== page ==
Prompted by the gallery’s acquisition of an important photograph of the early French photographer Charles Aubry, the exhibition deals with photographs of objects that have a particularly emphatic presence. Assembled over the last year, the exhibition is accompanied by a catalog with 27 full-page duotone reproductions.
To quote from the catalog’s introduction:
From time to time photographers happen upon a subject that appears so complete in itself that there seems to be little room left for the photographer’s imagination. In such cases, the subject alone seems to dictate the form of the picture, or so the photographer might have us believe. Photographs of this kind appear so frequently throughout the history of photography, beginning in fact with Fox Talbot’s earliest pictures, that they constitute a solid yet unacknowledged tradition.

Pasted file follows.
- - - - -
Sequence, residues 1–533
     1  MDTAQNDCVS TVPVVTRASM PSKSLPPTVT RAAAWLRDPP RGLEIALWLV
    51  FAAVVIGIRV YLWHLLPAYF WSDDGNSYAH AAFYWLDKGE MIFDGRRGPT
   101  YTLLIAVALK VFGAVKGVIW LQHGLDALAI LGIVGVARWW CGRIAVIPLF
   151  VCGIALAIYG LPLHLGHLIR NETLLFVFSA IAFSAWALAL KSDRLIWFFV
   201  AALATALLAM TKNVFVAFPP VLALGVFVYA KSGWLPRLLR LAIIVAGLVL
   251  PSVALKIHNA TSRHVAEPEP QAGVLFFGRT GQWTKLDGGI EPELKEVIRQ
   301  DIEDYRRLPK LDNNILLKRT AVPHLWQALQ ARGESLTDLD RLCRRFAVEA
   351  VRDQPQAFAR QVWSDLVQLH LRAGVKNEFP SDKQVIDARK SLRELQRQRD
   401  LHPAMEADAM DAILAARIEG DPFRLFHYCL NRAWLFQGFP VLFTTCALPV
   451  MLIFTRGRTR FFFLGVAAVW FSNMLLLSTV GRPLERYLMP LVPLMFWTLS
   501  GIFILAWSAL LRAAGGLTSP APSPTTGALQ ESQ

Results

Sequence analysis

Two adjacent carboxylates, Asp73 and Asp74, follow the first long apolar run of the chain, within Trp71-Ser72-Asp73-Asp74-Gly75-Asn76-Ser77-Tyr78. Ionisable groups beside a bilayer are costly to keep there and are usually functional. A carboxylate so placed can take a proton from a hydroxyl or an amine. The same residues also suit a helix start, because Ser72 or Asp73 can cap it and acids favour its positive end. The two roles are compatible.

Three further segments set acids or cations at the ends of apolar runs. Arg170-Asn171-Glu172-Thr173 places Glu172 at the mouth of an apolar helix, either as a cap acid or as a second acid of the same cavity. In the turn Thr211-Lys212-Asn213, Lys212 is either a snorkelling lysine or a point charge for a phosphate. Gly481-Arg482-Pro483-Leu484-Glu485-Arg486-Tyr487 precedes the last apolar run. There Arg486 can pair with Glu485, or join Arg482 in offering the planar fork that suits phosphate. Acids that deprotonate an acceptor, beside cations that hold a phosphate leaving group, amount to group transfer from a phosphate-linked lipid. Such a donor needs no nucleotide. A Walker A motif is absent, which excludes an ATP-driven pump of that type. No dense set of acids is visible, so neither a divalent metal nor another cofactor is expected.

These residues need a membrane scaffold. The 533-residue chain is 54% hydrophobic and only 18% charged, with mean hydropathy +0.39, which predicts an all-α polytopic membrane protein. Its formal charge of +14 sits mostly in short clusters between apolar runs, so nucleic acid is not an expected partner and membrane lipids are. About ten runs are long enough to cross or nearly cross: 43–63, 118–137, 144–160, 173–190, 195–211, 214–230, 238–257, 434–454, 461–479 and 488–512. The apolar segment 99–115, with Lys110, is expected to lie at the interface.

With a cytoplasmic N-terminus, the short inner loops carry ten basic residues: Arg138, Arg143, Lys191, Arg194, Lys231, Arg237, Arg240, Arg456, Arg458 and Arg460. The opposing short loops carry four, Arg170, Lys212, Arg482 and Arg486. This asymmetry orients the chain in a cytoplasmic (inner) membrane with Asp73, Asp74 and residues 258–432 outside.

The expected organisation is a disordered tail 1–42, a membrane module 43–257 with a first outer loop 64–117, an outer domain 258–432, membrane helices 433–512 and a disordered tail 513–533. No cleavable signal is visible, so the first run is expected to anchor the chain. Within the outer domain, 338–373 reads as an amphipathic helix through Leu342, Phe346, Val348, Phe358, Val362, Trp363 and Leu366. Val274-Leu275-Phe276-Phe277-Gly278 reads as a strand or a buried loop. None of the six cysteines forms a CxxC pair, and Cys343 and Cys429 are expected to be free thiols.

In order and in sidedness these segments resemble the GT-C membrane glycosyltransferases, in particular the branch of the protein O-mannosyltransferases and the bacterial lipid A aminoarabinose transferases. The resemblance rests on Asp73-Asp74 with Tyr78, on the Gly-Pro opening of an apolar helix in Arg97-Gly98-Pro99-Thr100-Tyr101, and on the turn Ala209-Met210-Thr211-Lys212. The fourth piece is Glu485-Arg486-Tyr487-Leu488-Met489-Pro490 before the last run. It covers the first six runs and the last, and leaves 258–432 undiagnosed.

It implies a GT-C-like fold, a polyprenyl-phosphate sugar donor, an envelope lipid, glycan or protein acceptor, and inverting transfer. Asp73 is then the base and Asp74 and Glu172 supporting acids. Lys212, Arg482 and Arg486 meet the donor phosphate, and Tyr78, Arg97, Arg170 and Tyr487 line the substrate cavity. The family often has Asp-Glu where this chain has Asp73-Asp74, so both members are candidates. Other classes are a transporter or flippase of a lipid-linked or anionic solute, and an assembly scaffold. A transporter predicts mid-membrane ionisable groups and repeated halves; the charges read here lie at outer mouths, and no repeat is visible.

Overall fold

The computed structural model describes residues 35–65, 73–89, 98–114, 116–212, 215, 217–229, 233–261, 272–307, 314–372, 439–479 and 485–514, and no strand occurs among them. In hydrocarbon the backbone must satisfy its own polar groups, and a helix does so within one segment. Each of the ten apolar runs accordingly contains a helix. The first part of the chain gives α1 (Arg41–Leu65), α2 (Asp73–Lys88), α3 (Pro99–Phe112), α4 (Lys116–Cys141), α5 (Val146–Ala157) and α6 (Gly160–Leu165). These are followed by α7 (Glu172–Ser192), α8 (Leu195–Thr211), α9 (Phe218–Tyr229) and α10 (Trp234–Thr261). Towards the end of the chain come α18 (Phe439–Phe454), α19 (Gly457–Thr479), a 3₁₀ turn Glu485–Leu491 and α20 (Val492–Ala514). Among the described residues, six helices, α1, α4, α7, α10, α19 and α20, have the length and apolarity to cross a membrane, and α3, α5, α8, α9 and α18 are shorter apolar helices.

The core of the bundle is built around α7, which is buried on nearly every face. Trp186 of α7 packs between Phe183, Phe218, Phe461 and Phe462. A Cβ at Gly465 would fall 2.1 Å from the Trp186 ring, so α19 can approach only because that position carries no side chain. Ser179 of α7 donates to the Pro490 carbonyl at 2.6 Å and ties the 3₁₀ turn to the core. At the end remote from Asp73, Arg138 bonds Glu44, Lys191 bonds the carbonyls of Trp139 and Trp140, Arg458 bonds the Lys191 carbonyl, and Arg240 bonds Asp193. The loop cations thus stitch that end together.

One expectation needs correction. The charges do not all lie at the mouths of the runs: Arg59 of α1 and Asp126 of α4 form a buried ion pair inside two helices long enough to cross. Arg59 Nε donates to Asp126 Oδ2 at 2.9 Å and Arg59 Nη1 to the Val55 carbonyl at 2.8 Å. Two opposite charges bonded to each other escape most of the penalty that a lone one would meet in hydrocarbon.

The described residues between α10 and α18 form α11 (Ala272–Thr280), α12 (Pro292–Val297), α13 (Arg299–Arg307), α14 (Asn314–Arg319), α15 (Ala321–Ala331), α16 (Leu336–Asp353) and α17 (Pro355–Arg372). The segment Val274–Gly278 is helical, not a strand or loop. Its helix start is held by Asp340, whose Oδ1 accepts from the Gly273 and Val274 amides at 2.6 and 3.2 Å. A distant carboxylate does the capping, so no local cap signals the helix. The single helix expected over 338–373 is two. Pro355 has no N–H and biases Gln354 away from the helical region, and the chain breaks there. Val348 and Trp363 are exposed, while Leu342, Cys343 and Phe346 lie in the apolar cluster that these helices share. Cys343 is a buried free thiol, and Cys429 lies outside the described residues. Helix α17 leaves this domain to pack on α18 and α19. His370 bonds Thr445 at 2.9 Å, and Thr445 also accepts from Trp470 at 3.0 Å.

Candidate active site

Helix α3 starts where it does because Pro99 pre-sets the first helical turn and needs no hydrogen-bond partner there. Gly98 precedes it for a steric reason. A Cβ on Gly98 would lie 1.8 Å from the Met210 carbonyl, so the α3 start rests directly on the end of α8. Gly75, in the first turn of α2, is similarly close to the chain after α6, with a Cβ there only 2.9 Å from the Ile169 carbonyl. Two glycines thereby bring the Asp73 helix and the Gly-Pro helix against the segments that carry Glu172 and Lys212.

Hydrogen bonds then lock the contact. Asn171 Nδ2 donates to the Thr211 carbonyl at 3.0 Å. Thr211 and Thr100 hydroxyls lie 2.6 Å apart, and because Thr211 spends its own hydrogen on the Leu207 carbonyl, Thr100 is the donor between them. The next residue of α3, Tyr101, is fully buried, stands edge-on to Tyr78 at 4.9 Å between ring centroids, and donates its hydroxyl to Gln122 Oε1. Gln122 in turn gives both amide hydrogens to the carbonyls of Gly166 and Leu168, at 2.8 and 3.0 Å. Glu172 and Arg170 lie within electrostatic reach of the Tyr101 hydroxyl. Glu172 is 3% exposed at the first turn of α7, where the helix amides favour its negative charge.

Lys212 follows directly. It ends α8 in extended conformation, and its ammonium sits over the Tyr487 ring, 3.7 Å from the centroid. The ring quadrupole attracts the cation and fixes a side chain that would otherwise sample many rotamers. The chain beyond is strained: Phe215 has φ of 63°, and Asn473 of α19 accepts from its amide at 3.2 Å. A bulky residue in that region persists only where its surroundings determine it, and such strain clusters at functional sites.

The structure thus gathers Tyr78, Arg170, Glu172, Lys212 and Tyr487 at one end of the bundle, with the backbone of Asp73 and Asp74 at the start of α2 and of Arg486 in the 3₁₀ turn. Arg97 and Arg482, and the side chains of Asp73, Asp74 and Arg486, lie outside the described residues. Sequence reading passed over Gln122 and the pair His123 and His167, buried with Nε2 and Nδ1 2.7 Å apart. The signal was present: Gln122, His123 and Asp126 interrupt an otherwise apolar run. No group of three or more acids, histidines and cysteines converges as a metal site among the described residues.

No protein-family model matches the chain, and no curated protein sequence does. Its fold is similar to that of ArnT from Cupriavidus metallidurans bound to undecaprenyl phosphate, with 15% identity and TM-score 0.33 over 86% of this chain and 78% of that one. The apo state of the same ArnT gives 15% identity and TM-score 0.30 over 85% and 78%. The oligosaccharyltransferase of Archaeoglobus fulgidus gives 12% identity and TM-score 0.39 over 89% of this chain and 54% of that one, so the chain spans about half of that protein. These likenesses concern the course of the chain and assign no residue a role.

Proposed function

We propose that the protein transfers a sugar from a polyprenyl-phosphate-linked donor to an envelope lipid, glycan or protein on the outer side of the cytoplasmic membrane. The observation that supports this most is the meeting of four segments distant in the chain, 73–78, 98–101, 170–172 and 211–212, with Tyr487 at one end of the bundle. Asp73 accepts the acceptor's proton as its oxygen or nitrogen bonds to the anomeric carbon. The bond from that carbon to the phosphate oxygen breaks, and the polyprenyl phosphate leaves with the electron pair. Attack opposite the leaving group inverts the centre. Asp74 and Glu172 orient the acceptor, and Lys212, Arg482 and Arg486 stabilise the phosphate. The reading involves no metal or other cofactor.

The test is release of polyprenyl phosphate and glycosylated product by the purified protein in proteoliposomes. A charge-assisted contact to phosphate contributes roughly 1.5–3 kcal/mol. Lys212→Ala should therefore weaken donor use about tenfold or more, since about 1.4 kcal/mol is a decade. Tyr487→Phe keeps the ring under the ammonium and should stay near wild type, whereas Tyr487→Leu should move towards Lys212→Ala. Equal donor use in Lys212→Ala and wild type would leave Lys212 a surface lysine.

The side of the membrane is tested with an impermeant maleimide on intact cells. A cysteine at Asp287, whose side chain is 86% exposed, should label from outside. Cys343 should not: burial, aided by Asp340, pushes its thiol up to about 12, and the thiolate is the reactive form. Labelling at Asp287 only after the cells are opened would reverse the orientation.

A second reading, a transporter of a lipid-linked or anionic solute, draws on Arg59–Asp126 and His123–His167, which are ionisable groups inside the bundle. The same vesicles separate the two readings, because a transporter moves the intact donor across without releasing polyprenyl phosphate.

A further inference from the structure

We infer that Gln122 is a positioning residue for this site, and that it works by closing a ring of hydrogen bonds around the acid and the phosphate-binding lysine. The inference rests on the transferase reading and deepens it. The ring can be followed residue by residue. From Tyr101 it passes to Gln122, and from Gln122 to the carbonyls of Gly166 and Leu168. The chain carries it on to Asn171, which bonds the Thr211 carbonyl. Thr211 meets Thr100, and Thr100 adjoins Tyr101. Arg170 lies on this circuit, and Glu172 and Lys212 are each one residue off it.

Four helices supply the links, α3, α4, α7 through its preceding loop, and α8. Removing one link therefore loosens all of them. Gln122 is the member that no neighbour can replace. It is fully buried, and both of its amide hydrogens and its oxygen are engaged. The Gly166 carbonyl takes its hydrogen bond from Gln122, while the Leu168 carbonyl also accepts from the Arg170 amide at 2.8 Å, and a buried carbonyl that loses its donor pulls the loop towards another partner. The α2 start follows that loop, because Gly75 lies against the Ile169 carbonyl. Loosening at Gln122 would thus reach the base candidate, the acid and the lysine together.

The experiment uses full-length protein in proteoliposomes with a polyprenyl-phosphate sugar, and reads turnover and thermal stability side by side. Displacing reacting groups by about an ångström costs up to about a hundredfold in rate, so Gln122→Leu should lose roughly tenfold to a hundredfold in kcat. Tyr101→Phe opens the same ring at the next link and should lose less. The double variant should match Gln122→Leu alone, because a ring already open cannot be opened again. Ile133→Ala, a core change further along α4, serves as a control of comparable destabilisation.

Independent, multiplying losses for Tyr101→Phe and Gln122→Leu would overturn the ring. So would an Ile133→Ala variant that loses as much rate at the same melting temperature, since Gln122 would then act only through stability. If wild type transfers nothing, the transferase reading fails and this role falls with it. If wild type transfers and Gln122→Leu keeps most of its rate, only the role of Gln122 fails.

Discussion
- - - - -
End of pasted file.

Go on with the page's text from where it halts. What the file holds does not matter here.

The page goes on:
It is difficult to describe these photographs in words beyond the nominal identification of their subjects. They are pictures about a leaf, a chair, an apple, a stone. The thing itself is precisely what each picture is ‘about.’ It is curious, then, that these bare visual facts often take on a stronger, more vivid, more emphatic presence than if the actual object was there to contemplate before us.
…These disparate photographs have been brought together because they share a related aesthetic temperament. They reiterate one of photography’s oldest lessons: that there is nothing so mysterious as a thing clearly described. As for the photographer’s themselves, each had something significant to impart, and did so with uncommon eloquence and restraint. Their pictures will continue to remind us how satisfying a straightforward photograph can be.
The exhibition included rarely seen works by Fox Talbot, Adolphe Braun, Carleton Watkins, Eugene Atget, Edward Weston, Walker Evans, Man Ray, Robert Frank, Diane Arbus, and Robert Mapplethorpe, among others.